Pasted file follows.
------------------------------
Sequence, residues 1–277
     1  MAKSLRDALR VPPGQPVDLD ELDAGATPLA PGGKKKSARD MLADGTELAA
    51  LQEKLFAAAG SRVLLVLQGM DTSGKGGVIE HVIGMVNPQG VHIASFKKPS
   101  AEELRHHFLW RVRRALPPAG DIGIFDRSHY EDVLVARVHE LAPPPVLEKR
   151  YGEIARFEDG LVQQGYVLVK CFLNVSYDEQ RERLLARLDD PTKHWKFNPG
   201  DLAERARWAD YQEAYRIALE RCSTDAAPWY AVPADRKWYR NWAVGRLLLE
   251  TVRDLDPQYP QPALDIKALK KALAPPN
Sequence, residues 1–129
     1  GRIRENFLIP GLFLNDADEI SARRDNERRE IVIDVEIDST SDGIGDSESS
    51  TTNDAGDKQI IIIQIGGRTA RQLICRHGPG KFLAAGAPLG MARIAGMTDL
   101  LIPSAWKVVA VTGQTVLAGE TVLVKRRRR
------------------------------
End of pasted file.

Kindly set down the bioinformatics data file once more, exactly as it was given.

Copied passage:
Sequence, residues 1–277
     1  MAKSLRDALR VPPGQPVDLD ELDAGATPLA PGGKKKSARD MLADGTELAA
    51  LQEKLFAAAG SRVLLVLQGM DTSGKGGVIE HVIGMVNPQG VHIASFKKPS
   101  AEELRHHFLW RVRRALPPAG DIGIFDRSHY EDVLVARVHE LAPPPVLEKR
   151  YGEIARFEDG LVQQGYVLVK CFLNVSYDEQ RERLLARLDD PTKHWKFNPG
   201  DLAERARWAD YQEAYRIALE RCSTDAAPWY AVPADRKWYR NWAVGRLLLE
   251  TVRDLDPQYP QPALDIKALK KALAPPN
Sequence, residues 1–129
     1  GRIRENFLIP GLFLNDADEI SARRDNERRE IVIDVEIDST SDGIGDSESS
    51  TTNDAGDKQI IIIQIGGRTA RQLICRHGPG KFLAAGAPLG MARIAGMTDL
   101  LIPSAWKVVA VTGQTVLAGE TVLVKRRRR